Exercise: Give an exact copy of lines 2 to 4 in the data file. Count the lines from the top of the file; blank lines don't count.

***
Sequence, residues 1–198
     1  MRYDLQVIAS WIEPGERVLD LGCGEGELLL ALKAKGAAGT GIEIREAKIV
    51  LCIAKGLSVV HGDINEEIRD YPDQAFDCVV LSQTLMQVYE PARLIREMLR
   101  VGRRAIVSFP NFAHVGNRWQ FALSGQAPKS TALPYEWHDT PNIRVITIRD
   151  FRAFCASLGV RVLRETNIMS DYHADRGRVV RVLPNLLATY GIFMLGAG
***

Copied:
     1  MRYDLQVIAS WIEPGERVLD LGCGEGELLL ALKAKGAAGT GIEIREAKIV
    51  LCIAKGLSVV HGDINEEIRD YPDQAFDCVV LSQTLMQVYE PARLIREMLR
   101  VGRRAIVSFP NFAHVGNRWQ FALSGQAPKS TALPYEWHDT PNIRVITIRD